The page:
Fallen Melbourne drug tsar "Fat Tony" Mokbel will spend most - if not all - of his remaining years in jail serving a 30-year sentence imposed in the Victorian Supreme Court yesterday.
Already behind bars on a 12-year sentence for cocaine trafficking, Antonios Sajih Mokbel will serve a non-parole period of 22 years on charges involving an amphetamine operation known as The Company.
A medical report prepared for Justice Simon Whelan said that Mokbel, who suffered a mild heart attack in February, now had a life expectancy of 24 years or less.
But while taking his medical condition and a number of other mitigating factors into account, Whelan said Mokbel had shown an "arrogant contempt" for the law and an "incorrigible determination" to continue his trade in drugs even while on bail and despite earlier convictions.
He ran the business from Athens after skipping bail, sailing to Greece on a yacht and living with his lover and infant daughter until his arrest wearing an ill-fitting toupee.
This is the end of the line for one of the last of Melbourne's Underbelly gangsters, the feuding family-run syndicates who held an iron grip on the city's organised crime before effectively wiping each other out in a series of tit-for-tat executions.
Mokbel was associated with Carl Williams, the baby-faced killer whose clan waged a bloody war against the rival Moran family and who was beaten to death in the Acacia high-security wing of Barwon Jail, near Geelong, in 2010.
Williams was serving a life sentence for the murders of Jason Moran, his father Lewis Moran and drug trafficker Mark Mallia, and for conspiracy to murder.
Mokbel was a migrant battler who made it to the top in a deadly world. Born in Kuwait of Lebanese descent, he arrived in Australia aged 8, speaking no English and struggling through school. His father died at 52 from a heart attack, which a psychologist's report said had scarred Mokbel, then aged 15.
Crime suited him. With his first conviction at age 18, by 2000 he had served time for perverting the course of justice by trying to bribe county court judges and had embarked on a career in drug manufacturing, wholesaling and importing that was eventually to bring him down.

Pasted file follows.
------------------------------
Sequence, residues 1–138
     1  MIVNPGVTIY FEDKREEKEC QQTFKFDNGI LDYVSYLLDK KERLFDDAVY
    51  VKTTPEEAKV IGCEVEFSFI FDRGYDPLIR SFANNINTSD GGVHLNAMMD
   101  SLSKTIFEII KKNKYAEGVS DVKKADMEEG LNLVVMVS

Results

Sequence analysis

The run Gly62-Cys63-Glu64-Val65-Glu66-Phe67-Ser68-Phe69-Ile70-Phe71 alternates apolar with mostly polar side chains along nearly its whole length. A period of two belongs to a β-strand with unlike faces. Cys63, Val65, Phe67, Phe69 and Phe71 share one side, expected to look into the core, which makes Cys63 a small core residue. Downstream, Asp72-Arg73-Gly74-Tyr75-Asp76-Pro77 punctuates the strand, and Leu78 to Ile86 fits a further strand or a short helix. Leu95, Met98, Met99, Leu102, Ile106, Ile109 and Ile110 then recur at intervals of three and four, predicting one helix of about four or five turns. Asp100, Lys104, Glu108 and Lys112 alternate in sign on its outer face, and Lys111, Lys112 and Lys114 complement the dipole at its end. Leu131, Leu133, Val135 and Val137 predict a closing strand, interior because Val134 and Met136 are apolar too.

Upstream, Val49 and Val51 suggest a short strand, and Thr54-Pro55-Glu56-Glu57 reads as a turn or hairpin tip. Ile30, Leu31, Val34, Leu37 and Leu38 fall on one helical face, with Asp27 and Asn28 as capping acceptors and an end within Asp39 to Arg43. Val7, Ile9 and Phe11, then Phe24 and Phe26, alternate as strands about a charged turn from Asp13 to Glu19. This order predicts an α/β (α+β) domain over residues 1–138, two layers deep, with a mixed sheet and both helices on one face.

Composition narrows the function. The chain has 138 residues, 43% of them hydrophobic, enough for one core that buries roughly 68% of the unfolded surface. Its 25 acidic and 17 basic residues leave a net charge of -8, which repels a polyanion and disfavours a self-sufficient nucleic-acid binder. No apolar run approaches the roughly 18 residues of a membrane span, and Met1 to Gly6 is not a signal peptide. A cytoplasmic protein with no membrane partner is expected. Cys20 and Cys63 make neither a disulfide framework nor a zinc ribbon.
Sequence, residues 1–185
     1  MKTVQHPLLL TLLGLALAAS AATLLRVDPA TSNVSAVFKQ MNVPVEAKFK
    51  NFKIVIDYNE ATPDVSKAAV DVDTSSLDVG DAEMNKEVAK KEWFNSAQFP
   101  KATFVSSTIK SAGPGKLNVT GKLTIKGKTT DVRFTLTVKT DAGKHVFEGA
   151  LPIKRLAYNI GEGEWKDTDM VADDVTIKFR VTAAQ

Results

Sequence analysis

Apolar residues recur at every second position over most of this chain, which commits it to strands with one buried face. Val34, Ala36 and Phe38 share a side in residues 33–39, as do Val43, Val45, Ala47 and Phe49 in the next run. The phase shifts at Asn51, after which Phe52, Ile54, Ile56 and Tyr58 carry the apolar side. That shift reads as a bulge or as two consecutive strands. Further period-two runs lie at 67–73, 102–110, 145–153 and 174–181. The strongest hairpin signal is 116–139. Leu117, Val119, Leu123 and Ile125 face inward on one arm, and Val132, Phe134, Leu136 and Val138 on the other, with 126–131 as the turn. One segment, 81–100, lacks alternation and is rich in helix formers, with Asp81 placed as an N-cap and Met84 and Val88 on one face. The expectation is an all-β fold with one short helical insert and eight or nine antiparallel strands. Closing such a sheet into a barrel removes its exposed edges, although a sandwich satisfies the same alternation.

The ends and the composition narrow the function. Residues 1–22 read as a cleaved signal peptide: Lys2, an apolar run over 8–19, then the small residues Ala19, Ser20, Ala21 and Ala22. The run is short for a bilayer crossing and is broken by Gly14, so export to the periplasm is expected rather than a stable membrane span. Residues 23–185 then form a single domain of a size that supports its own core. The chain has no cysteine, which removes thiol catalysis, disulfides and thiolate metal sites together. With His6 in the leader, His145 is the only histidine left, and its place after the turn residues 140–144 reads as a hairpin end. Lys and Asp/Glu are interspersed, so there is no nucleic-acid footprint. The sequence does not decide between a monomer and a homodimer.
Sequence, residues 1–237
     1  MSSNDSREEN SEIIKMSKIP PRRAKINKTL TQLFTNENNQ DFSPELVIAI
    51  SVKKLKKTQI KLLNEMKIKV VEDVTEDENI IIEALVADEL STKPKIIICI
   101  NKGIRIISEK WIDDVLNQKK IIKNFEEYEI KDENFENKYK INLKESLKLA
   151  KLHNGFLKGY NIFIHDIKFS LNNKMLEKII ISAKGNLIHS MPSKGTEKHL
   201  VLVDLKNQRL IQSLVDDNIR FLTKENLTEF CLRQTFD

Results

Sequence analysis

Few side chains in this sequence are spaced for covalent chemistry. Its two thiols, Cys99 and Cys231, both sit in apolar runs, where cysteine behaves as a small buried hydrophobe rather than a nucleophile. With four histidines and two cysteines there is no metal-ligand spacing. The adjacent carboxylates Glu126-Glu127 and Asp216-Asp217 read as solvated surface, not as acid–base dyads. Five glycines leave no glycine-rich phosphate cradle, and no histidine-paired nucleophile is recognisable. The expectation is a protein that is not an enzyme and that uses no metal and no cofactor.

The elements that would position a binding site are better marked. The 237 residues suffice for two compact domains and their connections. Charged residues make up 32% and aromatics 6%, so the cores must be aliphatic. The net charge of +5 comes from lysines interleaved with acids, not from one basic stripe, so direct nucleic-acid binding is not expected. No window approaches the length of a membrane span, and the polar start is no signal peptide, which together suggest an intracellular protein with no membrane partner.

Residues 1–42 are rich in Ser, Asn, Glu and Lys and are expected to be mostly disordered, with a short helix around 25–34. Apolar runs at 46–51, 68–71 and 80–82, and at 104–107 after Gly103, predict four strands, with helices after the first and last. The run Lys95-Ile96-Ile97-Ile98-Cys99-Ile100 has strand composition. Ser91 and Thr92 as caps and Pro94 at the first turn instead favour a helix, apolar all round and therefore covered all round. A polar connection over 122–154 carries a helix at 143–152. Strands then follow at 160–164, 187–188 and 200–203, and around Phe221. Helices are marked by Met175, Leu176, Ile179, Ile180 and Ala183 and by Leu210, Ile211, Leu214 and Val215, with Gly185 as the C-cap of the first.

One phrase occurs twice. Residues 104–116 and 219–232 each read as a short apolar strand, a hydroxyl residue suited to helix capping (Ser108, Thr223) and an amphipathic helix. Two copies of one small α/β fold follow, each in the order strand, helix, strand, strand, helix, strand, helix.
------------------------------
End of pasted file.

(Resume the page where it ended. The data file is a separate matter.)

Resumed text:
Mokbel always insulated himself from the sharp end of the business which earned him millions, housed him in a Melbourne mansion and provided him with a Ferrari and similar big boys' toys.
He dealt in mainly in MDMA and Ecstasy, beating an amphetamines trafficking charge on appeal in 1998, moving into large-scale importation, and beating a A$2 billion ($2.4 billion) chemical importation rap when charges were withdrawn.
Mokbel hired a chemical products company to press methylamphetamine pills initially using ingredients he had bought in bulk by pretending to be a bricklayer needing to clean bricks. Using three presses he produced more than 100,000 pills, wholesaling them to The Company for A$4.3 million in an operation that continued through a year on the run.
Mokbel was also drawn into the gangland wars through his association with Moran and was suspected of involvement in four underworld murders, none of which was proved: he was acquitted of charges relating to Lewis Moran's killing; another for shooting rival Michael Marshall was dropped; and two others never moved beyond suspicion.
But the good times rapidly came to an end. In 2005 he planned, but later withdrew from, a move to import 100kg of MDMA with undercover agents posing as international traffickers, and was later charged with importing cocaine.
Granted bail, Mokbel fled - first to the former goldmining hamlet of Bonnie Doon about 100km northeast of Melbourne, then to Perth, where a yacht bought in Sydney and transported overland sailed him to Greece.
He was later joined by lover Danielle McGuire, a former Melbourne beauty shop owner, and their 6-month-old daughter, Renate.
Australian and Greek police arrested Mokbel at an Athens cafe in June 2007, and flew him home in a Gulfstream executive jet charted for A$450,000. He moved immediately to Barwon jail to begin serving a 12-year sentence imposed in his absence.
Mokbel then struck a deal in which he would plead guilty to three narcotics charges in return for a minimum sentence of 20-23 years. He also expressed his deep regret to forensic psychologist Wendy Northey for his life in drugs.
He said in a statement included in her report to the court: "Dealing in drugs was definitely wrong. It causes damage to a lot of people, creates headaches and violence in people's lives."
Justice Whelan was not impressed, saying the value of Mokbel's guilty pleas had been devalued by the fact that they had not been made at "the first realistic opportunity", and by his later attempt to have them reversed.
"In the course of that application you expressly disavowed acceptance of responsibility for these offences," the judge said.
"More importantly, I'm unpersuaded of your remorse because of the nature and duration of your offending.
"You were not deterred by your conviction and sentence. Drug trafficking was your business, it was your area of expertise, it was your career.
"Things have not turned out as you planned, and no doubt you now regret that. But to describe such feelings of regret as remorse is, I think, misconceived."
Accused: Of heading one of Australia's largest drug empires. Mokbel pleaded guilty to three serious drug trafficking charges last year.
Sentence: The Victorian Supreme Court jailed him for 30 years. He must serve at least 22 years in prison before being eligible for parole. He was already serving 12 years in prison for trafficking cocaine.
Background: From the mid-1990s Mokbel built up a drug empire that turned over hundreds of millions of dollars. In 2006 Mokbel fled a drug trial a few days before it finished. He took a yacht from Western Australia to Greece. Mokbel was eventually arrested at an Athens cafe in June 2007 wearing a bad wig. - AAP